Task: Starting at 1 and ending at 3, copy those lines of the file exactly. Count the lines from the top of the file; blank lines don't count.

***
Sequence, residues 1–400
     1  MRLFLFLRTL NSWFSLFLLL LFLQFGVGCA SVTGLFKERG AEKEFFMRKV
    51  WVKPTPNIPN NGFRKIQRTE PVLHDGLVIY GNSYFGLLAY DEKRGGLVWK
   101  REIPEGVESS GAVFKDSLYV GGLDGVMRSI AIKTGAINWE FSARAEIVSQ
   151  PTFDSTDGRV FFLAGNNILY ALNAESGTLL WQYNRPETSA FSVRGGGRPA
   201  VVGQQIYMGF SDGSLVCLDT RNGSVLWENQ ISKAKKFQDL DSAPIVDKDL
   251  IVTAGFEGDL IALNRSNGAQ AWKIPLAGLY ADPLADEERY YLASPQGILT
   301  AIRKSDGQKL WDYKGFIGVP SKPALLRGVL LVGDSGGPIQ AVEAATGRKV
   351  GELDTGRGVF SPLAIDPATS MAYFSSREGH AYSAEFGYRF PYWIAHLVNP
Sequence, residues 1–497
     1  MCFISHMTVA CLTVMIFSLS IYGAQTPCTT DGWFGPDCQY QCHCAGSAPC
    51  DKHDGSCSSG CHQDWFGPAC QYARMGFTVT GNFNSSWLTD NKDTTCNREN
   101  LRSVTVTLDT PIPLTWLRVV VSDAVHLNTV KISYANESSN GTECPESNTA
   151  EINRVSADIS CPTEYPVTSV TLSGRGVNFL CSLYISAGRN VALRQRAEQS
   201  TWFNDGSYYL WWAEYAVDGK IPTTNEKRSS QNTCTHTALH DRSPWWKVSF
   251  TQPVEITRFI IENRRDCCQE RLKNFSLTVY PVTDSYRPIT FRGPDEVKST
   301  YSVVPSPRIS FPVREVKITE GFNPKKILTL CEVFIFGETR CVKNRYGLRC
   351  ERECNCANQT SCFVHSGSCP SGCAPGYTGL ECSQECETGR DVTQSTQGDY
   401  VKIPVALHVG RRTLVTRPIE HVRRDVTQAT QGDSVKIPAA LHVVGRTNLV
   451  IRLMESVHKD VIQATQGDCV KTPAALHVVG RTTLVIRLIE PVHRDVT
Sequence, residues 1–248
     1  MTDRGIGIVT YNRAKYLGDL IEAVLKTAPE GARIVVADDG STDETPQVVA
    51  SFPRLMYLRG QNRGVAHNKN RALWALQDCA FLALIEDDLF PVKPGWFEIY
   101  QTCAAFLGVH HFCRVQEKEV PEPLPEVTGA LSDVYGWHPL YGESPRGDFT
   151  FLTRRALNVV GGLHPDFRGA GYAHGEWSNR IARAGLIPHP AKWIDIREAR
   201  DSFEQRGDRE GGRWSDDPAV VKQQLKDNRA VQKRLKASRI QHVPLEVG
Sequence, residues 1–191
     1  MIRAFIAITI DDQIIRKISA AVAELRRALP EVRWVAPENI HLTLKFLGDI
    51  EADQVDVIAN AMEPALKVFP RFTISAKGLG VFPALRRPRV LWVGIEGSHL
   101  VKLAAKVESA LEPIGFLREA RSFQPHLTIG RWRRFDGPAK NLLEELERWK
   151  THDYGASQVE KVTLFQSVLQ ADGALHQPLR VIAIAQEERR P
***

Sequence, residues 1–400
     1  MRLFLFLRTL NSWFSLFLLL LFLQFGVGCA SVTGLFKERG AEKEFFMRKV
    51  WVKPTPNIPN NGFRKIQRTE PVLHDGLVIY GNSYFGLLAY DEKRGGLVWK